Arts Magica

By: Kay Hooper

Series: Wizards

Book Number: 1.5

Star Rating:

Sensuality Rating:



Spoiler Disclaimer


On New Year's Eve 1999, apprentice wizard, Felicity Grant accidentally catapults herself back in time a century using a combination of her own powers and a mysterious device that she thinks is some sort of dimension folding portal. There, in turn-of-the-century London, she meets John Sinclair, the inventor of the device she used to get there. He's a genius who is very well-known to wizards for his scientific abilities, and someone Felicity has been crushing on through his biography for most of her life. As the pair work together to find a way to send Felicity back to her own time, they fall madly in love, but when the time comes, will Felicity be able to let John go? And if she does attempt another trip through the portal, will her own out-of-control powers betray her, causing her own death?


It's been ages since I've read anything by Kay Hooper, but I recalled liking the one novella I read by her years ago. That being the case, I went into reading "Arts Magica" with high hopes, and it didn't disappoint. It's the story of an apprentice wizard who accidentally uses a time travel device combined with her own not-yet-fully-controlled powers to catapult herself back in time a century where she meets the inventor of the device.

I really liked Felicity. She's pretty upbeat and tries to remain optimistic throughout her journey even though she hasn't yet found the necessary internal "switch" that will allow her full control over her powers. As such, she's in danger of the wizard's council taking away some of her powers if she can't find it soon, but it's a physiological issue that needs the right impetus to work itself out. I thought it was cute that Felicity has had a major crush on John via the biographies of him she's read, so meeting him for real is very exciting for her and he definitely turns out to be everything she thought he was. I liked that she was so open with him about her wizard powers and future innovations, and I also liked that she was conscious of doing everything she could to not interrupt the space-time continuum.

John is a rather dreamy hero, who's both attractive and brainy. I have a real soft spot for geek heroes and he's definitely that. On top of his genius IQ, he's also involved in various progressive social issues, including being a proponent of women's rights. Feminist heroes are very sexy to me as well, and he certainly treated Felicity as his equal. I loved how fascinated he was with her, both as a wizard and as a person. There was a definite attraction for him right from the start. I also loved how curious he was about things that occur in the future and about how her wizard powers work. In addition to all that, he was sweet, gentle, and passionate. It was really cute to have the hero being the one to fall hard and fast.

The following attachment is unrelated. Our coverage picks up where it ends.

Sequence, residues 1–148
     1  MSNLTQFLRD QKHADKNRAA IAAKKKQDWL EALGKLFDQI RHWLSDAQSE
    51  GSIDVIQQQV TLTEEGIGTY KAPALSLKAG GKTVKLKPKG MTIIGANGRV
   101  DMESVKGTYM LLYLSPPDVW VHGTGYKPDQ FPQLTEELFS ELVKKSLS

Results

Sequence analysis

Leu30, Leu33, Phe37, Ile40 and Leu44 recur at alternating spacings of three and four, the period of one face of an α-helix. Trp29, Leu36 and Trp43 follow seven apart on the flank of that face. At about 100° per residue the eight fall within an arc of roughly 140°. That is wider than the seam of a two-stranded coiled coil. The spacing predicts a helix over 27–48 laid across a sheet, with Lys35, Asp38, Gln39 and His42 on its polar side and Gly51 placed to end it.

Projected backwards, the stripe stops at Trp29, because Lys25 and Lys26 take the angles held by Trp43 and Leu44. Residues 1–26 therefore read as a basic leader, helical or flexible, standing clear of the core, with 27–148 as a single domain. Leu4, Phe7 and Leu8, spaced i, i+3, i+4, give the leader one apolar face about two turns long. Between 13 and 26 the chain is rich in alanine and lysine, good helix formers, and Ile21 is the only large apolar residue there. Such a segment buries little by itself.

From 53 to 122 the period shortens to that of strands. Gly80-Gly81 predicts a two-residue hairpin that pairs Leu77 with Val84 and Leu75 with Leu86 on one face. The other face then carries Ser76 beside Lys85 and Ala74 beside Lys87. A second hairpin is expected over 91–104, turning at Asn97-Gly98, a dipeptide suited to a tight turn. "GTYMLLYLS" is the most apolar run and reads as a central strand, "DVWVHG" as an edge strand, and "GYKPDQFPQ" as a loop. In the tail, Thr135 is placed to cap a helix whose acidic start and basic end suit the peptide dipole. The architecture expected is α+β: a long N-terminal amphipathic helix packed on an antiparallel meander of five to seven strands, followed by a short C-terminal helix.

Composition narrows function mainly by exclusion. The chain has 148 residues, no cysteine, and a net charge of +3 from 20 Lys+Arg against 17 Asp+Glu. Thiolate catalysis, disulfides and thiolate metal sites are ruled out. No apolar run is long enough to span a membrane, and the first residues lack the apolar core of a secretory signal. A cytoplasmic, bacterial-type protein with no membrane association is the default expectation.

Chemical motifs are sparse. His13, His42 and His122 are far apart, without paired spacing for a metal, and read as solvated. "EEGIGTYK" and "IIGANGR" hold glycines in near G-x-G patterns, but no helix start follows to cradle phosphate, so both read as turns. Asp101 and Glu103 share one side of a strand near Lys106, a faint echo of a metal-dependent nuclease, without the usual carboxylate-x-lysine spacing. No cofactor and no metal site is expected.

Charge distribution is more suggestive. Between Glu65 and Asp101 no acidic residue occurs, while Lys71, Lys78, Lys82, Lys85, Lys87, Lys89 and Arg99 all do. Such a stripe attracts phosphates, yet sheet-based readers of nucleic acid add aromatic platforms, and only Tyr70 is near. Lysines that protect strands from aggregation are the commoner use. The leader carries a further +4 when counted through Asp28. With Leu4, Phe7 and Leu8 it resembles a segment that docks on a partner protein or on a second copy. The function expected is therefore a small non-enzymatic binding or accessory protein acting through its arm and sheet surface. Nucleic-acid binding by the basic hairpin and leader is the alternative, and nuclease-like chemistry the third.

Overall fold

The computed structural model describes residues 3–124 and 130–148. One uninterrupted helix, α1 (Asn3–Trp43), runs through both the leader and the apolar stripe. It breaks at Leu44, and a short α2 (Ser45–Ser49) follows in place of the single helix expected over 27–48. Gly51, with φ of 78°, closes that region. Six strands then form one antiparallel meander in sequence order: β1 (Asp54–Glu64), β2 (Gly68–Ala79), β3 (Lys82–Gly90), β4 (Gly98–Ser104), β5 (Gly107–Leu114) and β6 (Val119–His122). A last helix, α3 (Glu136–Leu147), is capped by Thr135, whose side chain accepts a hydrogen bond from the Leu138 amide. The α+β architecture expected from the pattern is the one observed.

Overall, "Arts Magica" was a really fun read. The time travel element was a little mind-bending with the heroine being aware of certain events from the past because of her knowledge from history books, but at the same time, some of those events were actually fueled by her time traveling. It twisted my mind into knots a little, but it was still geeky fun. I knocked off the half star for a couple of reasons. First is that because of the brevity of the story, I really wanted that romantic connection to happen very quickly, but it took until about the halfway point for things to really take off between John and Felicity. Once they did, I couldn't deny feeling a strong connection between them, like they were soul mates who'd finally found their other half. The other reason is that, like with most novellas and short stories, I can't help wishing they were a little longer. Especially when I enjoy them as much as I did this one, I really want to spend more time with the characters in their world, but I truly enjoyed it anyway. Despite my best efforts at trying to discover whether this novella was in any way connected to any of Kay Hooper's other books, I didn't realize it was until after I'd read it. "Arts Magica" is actually a follow-up novella to her full-length novel, The Wizard of Seattle. Richard and Serena, the hero and heroine of that novel, appear in "Arts Magica" as Felicity's mentors. I really liked what I saw of them, so I look forward to trying their book soon. "Arts Magica" can be found in the anthology Yours 2 Keep.


Kay Hooper


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